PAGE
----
There are five ways to communicate and solve a noise problem: (1) write a letter, (2) contact the property or association management, (3) contact your city's noise abatement or animal control department (if available), (4) contact the police, and/or (5) file a claim with small claims court.

You should start with the least aggressive action and only advance to the next level if necessary. In other words, don't use a double barreled shotgun when you can get the job done with a peashooter. Your goal is to solve the problem in the easiest way possible.

Writing a letter is the best and most effective method. A letter gives you full control, the ability to describe the problem in your own way, and as much time as you need to devise your communication in a tactful manner. A face-to-face confrontation doesn't allow these opportunities. I'll give you some dos and don'ts on writing the letter later.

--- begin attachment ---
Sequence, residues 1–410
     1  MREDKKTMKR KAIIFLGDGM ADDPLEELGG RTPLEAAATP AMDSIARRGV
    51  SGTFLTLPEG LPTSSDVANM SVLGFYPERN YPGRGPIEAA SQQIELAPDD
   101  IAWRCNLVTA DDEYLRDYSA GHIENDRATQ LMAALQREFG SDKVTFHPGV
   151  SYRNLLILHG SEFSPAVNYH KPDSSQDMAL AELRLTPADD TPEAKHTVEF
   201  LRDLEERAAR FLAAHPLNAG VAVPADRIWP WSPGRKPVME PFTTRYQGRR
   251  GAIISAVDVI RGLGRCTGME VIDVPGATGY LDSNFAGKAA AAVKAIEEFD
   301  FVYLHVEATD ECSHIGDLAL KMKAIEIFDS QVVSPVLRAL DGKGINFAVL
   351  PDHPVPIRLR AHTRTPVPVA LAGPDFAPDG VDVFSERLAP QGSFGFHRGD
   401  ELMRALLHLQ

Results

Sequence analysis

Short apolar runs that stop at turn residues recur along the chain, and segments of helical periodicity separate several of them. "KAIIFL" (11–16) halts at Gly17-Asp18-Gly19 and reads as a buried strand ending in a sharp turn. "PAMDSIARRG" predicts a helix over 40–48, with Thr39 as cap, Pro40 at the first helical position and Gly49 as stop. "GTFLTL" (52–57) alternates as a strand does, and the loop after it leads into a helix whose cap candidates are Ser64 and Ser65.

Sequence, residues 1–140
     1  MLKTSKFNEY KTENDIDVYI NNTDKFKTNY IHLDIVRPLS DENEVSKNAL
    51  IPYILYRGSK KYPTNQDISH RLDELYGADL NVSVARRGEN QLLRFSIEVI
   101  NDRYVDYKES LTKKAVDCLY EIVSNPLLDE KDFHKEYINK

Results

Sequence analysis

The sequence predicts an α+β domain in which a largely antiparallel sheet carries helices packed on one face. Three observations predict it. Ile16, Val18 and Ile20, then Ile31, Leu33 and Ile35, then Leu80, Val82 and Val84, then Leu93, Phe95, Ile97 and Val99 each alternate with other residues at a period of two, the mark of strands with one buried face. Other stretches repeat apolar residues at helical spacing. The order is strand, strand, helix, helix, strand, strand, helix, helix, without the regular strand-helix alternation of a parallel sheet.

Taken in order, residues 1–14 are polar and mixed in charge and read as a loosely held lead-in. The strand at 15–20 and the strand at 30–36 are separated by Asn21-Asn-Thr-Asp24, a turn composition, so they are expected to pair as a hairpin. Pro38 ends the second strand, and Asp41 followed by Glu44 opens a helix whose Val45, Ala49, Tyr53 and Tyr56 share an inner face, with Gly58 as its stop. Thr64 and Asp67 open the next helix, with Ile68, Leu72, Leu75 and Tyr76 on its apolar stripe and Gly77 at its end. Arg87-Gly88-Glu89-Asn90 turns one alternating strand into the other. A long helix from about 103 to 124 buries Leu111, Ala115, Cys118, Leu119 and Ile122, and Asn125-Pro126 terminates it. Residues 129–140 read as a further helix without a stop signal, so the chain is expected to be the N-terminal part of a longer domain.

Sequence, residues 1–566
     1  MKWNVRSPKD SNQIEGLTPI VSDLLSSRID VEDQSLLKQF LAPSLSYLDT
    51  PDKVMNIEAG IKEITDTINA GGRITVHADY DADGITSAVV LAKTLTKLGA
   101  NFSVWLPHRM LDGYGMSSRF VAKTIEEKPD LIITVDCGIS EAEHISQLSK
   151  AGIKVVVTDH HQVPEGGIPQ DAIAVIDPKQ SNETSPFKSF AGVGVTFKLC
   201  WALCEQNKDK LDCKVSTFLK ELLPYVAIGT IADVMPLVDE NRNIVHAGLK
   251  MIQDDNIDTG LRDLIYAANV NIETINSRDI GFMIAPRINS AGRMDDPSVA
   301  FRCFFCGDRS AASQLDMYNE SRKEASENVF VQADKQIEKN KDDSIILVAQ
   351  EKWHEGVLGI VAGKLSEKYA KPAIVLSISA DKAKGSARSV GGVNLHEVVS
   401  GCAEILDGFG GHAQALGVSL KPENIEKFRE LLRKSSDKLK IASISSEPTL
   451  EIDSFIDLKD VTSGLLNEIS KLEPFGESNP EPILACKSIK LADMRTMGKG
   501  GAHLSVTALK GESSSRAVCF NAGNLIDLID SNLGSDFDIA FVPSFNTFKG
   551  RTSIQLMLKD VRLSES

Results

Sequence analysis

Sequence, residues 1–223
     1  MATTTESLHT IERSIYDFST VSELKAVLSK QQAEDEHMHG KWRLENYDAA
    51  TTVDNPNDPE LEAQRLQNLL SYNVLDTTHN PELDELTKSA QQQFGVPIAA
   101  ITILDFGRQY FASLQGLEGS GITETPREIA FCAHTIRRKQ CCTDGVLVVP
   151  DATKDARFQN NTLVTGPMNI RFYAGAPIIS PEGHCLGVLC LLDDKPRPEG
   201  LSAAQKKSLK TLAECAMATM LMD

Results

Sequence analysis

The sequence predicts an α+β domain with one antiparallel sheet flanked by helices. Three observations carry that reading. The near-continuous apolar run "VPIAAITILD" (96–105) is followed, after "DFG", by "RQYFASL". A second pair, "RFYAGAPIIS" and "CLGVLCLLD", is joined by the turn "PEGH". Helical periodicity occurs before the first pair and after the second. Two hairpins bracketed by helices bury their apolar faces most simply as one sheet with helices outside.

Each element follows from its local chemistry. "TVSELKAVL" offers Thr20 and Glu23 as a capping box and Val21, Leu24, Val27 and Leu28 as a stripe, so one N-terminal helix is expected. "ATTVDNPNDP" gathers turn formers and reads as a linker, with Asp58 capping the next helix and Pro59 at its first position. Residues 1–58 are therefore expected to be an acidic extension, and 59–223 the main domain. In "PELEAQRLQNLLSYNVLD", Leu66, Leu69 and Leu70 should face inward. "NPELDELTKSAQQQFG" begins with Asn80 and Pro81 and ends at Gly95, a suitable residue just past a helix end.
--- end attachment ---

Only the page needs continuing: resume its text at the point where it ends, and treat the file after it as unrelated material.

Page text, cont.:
The alternative to a letter is to contact your property or association management by phone or in writing. I would tell them up front that you wish to remain anonymous. There are two advantages to sending a letter to management: (1) it creates a record and (2) letters tend to get more attention. I'd suggest that you start with a phone call. If you don't get any response, send them a letter.

Many cities have a noise abatement and/or animal control department. The individuals who staff these departments have heard it all, so they can be very helpful. They can provide you with suggestions on how to deal with your noisy neighbors or their barking dogs. They will usually contact your neighbor in writing. Animal control officers will typically send a letter and then follow up with an in person visit to counsel your neighbor on ways to control the barking. The disadvantage here is that the process can take a considerable amount of time because they must follow a strict set of guidelines and they usually have limited resources.